There is an observation that the easier is the problem some piece of software intended to solve — the more elaborate its architecture will be. I’ve been working in multiple fields from academics to web-development, and I can confirm that it’s universally true. On my current job, I work with rather sophisticated algorithms, and we are quite happy with the one and only pattern for everything. But on my former job, I’ve had to deal with a monstrous 14K SLOC so called Data Provider which was designed solely to move a piece of data from one region of memory to another. Needless to say, it was 99.9% architecture and 0.1%
It’s like there is some sort of “comfortable level of complexity” and people feel uneasy building things simpler than that.
If your problem is essentially complex, like 3D boolean operations in floating point numbers, then you spend all your cognitive capacity on avoiding numerical issues and algorithm inconsistencies. You don’t want things to get more complex than they are. But if you’re doing something as trivial as reading a parameter from a configuration file, you can’t just read a file and find your datum; you need lexer, parser, adapter for a lexer to make it work with the parser, a handler to read the value, and a delegate to push this handler to the parser. Oh, and you need a factory for your handlers. And a parser should also be a singleton.
Well, it shouldn’t. Not that a parser shouldn’t be a singleton, most of the time you don’t need a parser at all. The whole solution shouldn’t be all that complex, reading simple data is essentially simple.
I don’t know how come it often grows like this, but I have a theory. I meant to write “always” here, but I saw a few lucky exceptions, so I wrote “often.” The thing is, these exceptions have something in common. They were all written by extremely self-confident programmers.
My theory is, the main source of accidental complexity in programming is insecurity. People just don’t feel confident enough to write simple code.
When you’ve grown into patterns and practices, you don’t really have to take any responsibility for the result. No one ever got fired for following GoF. It’s only doing really simple things that is risky.
What if I read
UserName from a file, but then the scheme changes and it’s suddenly
NameOfUser? What will go wrong then? Well, if I make it configurable, then this is not my responsibility anymore. I’ll just write some code for that, and add a couple dependencies, and think out a few data structures no one would ever care about. Anyway, isn’t is a good practice?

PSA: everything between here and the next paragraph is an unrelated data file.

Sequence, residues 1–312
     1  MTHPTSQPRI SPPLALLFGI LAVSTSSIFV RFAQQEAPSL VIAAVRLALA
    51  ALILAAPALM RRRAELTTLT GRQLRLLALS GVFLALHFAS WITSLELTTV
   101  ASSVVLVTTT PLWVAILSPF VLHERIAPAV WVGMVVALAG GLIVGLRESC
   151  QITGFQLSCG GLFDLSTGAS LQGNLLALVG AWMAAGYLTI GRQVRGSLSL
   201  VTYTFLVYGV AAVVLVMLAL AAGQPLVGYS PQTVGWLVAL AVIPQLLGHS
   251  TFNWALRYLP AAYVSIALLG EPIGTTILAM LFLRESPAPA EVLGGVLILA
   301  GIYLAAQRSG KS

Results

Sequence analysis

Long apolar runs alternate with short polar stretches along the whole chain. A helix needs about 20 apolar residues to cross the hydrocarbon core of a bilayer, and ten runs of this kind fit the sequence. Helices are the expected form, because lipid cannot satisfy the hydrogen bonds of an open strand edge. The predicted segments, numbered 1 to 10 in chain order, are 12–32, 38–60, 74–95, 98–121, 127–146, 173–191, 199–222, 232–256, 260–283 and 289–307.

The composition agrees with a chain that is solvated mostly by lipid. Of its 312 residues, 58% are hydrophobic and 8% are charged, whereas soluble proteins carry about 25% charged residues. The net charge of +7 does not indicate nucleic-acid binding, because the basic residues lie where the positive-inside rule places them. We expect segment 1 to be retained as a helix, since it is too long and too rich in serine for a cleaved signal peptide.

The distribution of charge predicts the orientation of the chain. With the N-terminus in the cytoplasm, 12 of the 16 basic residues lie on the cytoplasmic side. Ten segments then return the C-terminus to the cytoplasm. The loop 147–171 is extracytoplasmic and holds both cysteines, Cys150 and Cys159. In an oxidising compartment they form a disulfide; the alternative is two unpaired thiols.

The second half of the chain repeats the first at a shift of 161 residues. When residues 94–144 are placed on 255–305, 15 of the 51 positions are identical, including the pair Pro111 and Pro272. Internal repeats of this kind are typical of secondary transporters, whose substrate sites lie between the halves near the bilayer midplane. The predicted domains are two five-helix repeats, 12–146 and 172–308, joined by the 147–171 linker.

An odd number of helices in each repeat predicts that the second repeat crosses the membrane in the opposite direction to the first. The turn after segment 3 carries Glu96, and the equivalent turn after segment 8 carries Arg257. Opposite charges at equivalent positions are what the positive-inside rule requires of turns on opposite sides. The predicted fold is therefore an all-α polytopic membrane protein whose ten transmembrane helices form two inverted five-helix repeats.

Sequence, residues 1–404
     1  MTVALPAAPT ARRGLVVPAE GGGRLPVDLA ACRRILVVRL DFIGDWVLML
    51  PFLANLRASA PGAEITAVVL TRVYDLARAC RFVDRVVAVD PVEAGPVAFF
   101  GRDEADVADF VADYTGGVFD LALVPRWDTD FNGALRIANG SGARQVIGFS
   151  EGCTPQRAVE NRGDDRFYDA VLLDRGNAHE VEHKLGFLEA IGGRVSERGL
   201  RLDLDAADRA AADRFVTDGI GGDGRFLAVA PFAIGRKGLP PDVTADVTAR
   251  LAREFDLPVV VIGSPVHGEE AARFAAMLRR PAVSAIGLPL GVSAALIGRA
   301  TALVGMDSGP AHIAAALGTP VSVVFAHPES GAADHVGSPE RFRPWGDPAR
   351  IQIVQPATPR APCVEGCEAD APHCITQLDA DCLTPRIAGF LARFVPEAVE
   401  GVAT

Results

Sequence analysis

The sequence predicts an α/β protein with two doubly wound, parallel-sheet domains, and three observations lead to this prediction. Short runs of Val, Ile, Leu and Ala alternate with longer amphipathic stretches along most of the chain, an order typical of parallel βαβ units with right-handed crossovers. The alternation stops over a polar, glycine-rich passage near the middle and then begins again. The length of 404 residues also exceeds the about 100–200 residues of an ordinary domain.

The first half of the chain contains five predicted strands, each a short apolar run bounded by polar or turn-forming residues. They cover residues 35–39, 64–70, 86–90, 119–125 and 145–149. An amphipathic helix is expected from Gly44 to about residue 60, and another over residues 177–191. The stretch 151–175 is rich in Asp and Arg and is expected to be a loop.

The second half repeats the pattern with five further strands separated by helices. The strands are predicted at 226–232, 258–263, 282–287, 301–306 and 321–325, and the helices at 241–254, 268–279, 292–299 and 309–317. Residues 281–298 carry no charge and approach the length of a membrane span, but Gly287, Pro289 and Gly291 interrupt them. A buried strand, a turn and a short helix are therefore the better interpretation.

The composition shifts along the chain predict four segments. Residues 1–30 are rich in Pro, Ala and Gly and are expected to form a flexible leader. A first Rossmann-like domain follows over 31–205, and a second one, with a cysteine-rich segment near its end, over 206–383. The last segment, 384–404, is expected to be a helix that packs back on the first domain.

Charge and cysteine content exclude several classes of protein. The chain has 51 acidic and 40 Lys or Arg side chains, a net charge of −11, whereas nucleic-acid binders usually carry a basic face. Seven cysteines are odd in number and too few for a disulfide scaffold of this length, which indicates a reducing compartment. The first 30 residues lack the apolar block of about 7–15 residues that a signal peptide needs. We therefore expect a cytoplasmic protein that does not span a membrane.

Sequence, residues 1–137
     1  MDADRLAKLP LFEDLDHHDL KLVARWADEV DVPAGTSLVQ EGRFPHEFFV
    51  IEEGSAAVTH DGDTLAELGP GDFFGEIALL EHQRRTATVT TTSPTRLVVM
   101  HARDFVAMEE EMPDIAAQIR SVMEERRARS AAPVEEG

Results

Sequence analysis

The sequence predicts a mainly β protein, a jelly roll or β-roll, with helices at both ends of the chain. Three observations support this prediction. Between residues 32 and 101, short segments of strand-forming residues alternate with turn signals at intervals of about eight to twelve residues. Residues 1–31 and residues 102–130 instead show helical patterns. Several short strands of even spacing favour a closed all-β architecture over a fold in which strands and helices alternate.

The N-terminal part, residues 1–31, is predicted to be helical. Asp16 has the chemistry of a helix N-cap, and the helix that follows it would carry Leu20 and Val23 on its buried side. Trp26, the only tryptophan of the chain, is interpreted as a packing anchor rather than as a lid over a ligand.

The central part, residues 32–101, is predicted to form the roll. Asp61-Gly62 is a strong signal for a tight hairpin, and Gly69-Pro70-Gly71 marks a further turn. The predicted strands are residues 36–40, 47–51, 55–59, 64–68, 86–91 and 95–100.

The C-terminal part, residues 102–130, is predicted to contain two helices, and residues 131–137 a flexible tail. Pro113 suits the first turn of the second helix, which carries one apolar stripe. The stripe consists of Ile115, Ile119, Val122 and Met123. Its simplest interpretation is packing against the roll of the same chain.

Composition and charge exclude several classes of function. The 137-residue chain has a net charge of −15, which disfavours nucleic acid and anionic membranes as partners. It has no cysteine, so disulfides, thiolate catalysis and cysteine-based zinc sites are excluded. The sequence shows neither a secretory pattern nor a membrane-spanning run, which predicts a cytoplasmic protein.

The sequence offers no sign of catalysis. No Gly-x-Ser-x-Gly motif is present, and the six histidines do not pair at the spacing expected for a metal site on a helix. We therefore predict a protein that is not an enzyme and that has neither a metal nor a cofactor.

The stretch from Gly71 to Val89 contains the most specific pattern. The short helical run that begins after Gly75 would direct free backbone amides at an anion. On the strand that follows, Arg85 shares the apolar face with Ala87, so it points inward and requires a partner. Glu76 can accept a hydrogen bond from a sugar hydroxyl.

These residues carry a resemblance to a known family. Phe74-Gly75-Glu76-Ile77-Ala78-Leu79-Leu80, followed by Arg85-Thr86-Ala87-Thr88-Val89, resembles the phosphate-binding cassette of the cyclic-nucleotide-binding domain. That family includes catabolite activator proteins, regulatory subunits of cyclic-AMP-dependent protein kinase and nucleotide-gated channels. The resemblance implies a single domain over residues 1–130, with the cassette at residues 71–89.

The code is much easier to write than to unwrite back. So yes, while it is generally a good practice to make your solution configurable, it is not necessary the best solution for every occasion. What if the scheme will remain untouched for the next ten years? Or what if it changes once in 2027 and it will take you to edit one line of code to make it run for the next ten years? I for one would definitely prefer a code that is expandable due to its simplicity to a code that is written to be expandable by adding more code to it. If I get one dollar for every time an architect predicted an expansion ten years ahead exactly like it happens, I would have exactly one dollar (Hi Wout!)
It’s not like there is a box of ready made decisions, nevertheless gurus and evangelists want you to think. Sometimes you have to choose the complexity, sometimes you don’t. The paradox lies in that you can’t write a book on choosing simplicity. You can’t give a conference talk on that. This would be an unsuitably short talk and one page books don’t sell very well either. So when you feel insecure, there is simply no authority to back your decision for making things simple.
Writing simple code takes confidence. I can’t help you with that. But perhaps I can provide reassurance. If you feel like what you’re doing is objectionably simple, just ask me for an independent code review. My email off work is firstname.lastname@example.org. I am reasonably free every other weekend, so let’s give it a try, shall we?